A spokeswoman for the School Nutrition Association declined to comment on the details of the interim rule but made note of the organization’s policy on sodium and whole grains. SNA has proposed to eliminate planned reductions in sodium limits and to roll back a mandate that all grains offered in schools be whole-grain rich. SNA wants to restore the initial requirement that at least half of grains be whole grain rich.

A bipartisan reauthorization bill that Roberts moved out of his committee in January 2016 would have lowered the whole grain requirement in school meals to 80 percent and delayed for two years additional reductions in sodium limits. The bill never received a vote on the Senate floor in part because of opposition from Democrats.

Nancy Brown, CEO of the American Heart Association, expressed concern about the rule Perdue is releasing. “Rather than altering the current path forward, we hope the agency focuses more on providing technical assistance that can help schools get across the finish line, if they haven’t done so already,” she said.

Other agencies also are moving to rework Obama administration regulations. The Food and Drug Administration last week sent a rule to the White House to delay this Friday’s deadline for restaurants, supermarket delis and convenience stores to post nutrition information for customers.

The National Grocers Association and the National Association of Convenience Stores had earlier submitted a petition to the FDA seeking the delay. The organizations say FDA staff still can’t answer important questions about how businesses can comply with the labeling regulation.

The Environmental Protection Agency’s Office of Water will hold a public listening session on Tuesday to gather input on regulations that should be changed. The three-hour event will be conducted via telephone conference call and the web. The agency expected to hear from about 70 to 80 people.

Here’s a list of agriculture- or rural-related events scheduled for this week in Washington and elsewhere:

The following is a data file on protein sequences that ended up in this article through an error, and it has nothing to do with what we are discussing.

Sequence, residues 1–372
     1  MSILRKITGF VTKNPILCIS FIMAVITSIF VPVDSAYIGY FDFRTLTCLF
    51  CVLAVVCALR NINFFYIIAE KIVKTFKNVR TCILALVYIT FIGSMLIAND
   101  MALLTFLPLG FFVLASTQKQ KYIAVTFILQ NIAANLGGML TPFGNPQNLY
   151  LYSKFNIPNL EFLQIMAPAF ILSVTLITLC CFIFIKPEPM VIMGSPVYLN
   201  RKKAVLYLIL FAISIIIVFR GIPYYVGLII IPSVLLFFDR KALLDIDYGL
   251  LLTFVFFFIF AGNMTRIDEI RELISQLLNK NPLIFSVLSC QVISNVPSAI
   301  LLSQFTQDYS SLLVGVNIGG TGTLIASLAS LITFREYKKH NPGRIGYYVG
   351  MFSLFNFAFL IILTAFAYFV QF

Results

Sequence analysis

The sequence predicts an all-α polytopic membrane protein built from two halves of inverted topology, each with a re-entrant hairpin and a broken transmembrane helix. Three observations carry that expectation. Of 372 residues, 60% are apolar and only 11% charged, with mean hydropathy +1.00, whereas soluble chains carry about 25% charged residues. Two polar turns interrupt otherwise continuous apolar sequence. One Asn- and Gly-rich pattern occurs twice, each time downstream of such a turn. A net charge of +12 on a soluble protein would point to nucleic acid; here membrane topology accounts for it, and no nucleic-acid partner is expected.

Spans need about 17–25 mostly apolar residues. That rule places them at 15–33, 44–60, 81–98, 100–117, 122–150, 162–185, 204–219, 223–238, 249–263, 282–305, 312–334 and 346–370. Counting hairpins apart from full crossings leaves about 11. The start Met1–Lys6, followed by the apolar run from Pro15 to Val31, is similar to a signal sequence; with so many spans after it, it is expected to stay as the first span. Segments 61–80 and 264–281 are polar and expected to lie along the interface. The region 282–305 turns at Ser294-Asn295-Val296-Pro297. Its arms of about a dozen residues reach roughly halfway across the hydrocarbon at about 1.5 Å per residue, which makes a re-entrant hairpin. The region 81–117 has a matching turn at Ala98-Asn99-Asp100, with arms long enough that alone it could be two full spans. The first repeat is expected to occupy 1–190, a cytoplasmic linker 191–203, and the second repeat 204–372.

Monday, May 1

National Association of Farm Broadcasting annual Washington Watch conference, through Wednesday.

12:30 p.m. - Agriculture Secretary Sonny Perdue and Senate Agriculture Chairman Pat Roberts, R-Kan., announce interim final rule on school nutrition standards, Leesburg, Va.

2 p.m. - Perdue speaks with six national FFA Organization chapters from around the country via YouTube Live, Leesburg, Va.

Tuesday, May 2

NAFB conference.

10 a.m. - House Natural Resources subcommittee hearing on the Antiquities Act, 1324 Longworth.

10 a.m. - Senate Energy and Natural Resources Committee hearing on payments through the Secure Rural Schools and Community Self-Determination Act and the Payment in Lieu of Taxes program, 366 Dirksen.

10 a.m. - Senate Foreign Relations Committee hearing on the nomination of Iowa Gov. Terry Branstad to be ambassador to China, 419 Dirksen.

11 a.m. - EPA’s Office of Water holds public listening session on reducing the agency’s regulatory burden, by telephone and web conference.

11 a.m. - Perdue speaks to NAFB.

Wednesday, May 3

Presidential Advisory Council on Combatting Antibiotic-Resistant Bacteria public meeting, through Thursday, 200 Independence Ave, SW

EPA Pesticide Program Dialogue Committee meeting, through Thursday, Arlington, Va.

NAFB conference.

10 a.m. - Senate Commerce, Science and Transportation Committee hearing on barriers to broadband deployment, 253 Russell.

10 a.m. - Senate Environment and Public Works Committee hearing, “Infrastructure Project Streamlining and Efficiency: Achieving Faster, Better, and Cheaper Results,” 406 Dirksen.

10:30 a.m. - House Energy-Water Appropriations Subcommittee hearing for public witnesses, 2362-B Rayburn.

Thursday, May 4

Food and Drug Law Institute annual conference, through Friday, Ronald Reagan Building.

Friday, May 5

FDLI annual conference.

9:30 a.m. - U.S. Chamber of Commerce forum, “Farm to Table: A Tech Story,” on technology in food production, 1615 H Street NW.